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January 4, 2015

The Tokaido Shinkansen

The Tokaido Shinkansen is currently the busiest and fastest single high speed rail line in the world, serving the cities of Tokyo and Osaka. To me it’s nothing short of a public transport miracle. The “normal speed” is 320 kph, but speeds of up to 443 kph have been recorded. The trains are pressure sealed and run on 25000 volts DC. As they have their own tracks, last year the average delay per train across the year was.. 36 seconds!

You probably know that these days the word “Shinkansen” is used to generically describe a number of different types of Japanese high speed train. My train today is another Hikari Super Express, this time the 464, bound for Tokyo. The fastest, with the least number of stops is the “Nozumi”. You cannot use these trains with a JR rail pass, but you can use the second tier of trains (same type of train, more stops) called the “Hikari”.

Kyoto’s main station is a very modern place, integrated with shopping malls and hotels. The whole place smells of popcorn and freshly baked cookies. The soundtrack is a blend of indecipherable Japanese tannoy announcements mixed with the rumble of trains overhead as you emerge upwards towards the platforms.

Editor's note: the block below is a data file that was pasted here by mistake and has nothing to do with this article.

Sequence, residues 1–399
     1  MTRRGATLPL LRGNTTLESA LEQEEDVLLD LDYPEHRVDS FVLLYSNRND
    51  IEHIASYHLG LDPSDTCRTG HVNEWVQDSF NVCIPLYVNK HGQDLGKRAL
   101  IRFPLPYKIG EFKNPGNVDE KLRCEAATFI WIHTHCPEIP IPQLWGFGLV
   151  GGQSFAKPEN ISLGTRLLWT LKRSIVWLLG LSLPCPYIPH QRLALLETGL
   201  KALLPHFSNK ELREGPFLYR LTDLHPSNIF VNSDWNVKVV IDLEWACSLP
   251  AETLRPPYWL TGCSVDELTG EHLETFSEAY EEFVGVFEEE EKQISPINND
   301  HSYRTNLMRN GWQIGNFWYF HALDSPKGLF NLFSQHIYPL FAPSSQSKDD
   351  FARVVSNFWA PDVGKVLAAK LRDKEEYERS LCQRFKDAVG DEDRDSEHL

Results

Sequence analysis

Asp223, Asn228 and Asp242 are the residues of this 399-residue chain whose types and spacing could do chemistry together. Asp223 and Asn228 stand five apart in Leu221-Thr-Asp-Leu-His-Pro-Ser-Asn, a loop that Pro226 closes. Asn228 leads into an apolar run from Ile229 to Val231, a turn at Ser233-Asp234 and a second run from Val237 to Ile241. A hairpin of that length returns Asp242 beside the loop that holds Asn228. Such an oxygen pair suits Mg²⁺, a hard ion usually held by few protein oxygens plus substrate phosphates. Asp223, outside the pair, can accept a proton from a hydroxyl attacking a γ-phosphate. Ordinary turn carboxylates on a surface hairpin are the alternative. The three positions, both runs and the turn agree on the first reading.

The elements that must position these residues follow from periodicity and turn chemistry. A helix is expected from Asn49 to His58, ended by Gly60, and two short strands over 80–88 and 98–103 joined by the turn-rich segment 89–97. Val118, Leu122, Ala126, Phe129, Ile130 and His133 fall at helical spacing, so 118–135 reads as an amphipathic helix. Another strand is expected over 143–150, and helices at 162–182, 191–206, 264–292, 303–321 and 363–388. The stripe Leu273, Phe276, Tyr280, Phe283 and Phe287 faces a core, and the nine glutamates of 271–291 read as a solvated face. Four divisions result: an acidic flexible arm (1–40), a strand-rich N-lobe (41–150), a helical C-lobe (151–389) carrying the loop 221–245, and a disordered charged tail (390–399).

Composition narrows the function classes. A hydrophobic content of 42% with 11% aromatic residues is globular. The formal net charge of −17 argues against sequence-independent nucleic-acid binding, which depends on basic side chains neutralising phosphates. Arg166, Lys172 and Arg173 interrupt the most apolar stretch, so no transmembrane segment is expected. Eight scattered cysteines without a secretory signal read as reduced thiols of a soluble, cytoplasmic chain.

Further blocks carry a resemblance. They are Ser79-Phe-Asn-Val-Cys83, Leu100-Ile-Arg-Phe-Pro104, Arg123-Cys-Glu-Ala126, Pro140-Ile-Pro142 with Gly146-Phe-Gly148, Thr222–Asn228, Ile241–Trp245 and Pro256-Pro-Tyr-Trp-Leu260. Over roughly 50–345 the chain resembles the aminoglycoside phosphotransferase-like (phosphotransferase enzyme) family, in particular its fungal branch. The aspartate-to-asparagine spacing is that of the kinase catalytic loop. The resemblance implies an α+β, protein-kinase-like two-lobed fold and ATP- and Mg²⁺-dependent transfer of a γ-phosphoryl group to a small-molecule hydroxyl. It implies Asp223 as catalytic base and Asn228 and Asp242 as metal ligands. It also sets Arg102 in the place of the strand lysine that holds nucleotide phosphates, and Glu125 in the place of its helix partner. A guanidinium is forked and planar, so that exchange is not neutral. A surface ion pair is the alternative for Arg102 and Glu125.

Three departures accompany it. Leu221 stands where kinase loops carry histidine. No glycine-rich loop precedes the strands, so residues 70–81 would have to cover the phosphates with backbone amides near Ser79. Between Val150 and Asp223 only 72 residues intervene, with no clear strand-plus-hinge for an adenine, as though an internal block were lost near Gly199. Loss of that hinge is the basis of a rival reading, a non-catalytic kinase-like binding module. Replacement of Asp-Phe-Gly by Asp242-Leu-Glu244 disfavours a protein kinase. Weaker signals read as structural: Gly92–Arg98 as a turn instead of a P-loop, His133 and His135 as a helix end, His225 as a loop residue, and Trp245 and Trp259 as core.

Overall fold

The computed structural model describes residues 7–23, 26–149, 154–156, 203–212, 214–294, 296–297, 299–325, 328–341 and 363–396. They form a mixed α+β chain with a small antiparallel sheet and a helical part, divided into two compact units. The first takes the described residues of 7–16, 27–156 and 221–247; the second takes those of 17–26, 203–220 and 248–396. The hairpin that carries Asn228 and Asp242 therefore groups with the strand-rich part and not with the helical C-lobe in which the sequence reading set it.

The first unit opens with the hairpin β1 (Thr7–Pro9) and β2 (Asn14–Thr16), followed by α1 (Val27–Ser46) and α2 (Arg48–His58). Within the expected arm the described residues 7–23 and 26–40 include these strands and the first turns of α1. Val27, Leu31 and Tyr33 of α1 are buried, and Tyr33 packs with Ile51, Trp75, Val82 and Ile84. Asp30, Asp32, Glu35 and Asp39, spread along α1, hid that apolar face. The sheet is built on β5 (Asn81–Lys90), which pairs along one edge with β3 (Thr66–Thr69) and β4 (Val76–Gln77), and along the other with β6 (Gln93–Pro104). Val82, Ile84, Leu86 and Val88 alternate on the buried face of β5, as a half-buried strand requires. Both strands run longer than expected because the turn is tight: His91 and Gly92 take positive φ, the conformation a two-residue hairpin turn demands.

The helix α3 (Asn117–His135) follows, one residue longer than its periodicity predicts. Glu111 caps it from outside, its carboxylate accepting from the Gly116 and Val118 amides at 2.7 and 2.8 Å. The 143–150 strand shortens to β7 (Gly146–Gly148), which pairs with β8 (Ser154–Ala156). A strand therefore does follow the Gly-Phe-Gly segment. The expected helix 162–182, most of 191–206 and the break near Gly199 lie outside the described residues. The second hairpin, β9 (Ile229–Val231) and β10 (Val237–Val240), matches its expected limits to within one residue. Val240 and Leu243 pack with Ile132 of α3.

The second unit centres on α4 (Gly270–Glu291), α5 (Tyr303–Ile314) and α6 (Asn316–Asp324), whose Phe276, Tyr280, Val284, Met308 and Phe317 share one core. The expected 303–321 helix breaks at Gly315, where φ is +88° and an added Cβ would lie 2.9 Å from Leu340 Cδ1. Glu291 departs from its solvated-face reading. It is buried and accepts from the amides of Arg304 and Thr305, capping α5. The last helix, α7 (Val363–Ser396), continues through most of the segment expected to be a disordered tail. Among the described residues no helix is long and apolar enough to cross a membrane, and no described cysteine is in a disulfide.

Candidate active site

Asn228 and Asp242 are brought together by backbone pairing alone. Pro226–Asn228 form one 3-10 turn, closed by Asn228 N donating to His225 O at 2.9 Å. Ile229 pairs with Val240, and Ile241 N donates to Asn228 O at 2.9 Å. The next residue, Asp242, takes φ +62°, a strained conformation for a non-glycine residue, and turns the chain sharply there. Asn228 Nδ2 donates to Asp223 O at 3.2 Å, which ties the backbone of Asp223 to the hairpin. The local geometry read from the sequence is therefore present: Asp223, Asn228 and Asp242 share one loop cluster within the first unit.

On the platform a train arrives every five minutes or so and takes off after a loud electronic beeping noise warns anyone in any doubt on the platform. The trains themselves seem almost silent and so aerodynamic that they cut their own hole in the air ahead of them.

Time to put my feet up for the three hour journey. The snow slowly disappears even though we are heading north. The slopes of Mount Fuji glisten in the winter sun. The windows seem too big, but that’s because your mind confuses the cabin with that of an aircraft. There are no digital indicators of the train’s speed. The Japanese must just take it for granted that as its a Shinkansen train, it’s going to be travelling at Shinkansen speed. A lady greets each new passenger with a hot towel. There is a trolley service selling basic snacks, but surprisingly to me, no proper food is served on the train.

All too soon we pull into Yokohama and ten minutes later we are at Tokyo’s central station. I have forgotten that I’m actually staying near Shinjuku station and not this station, so my taxi costs a small fortune..

Time for what Louis Theroux would call a “weird weekend” in Tokyo.

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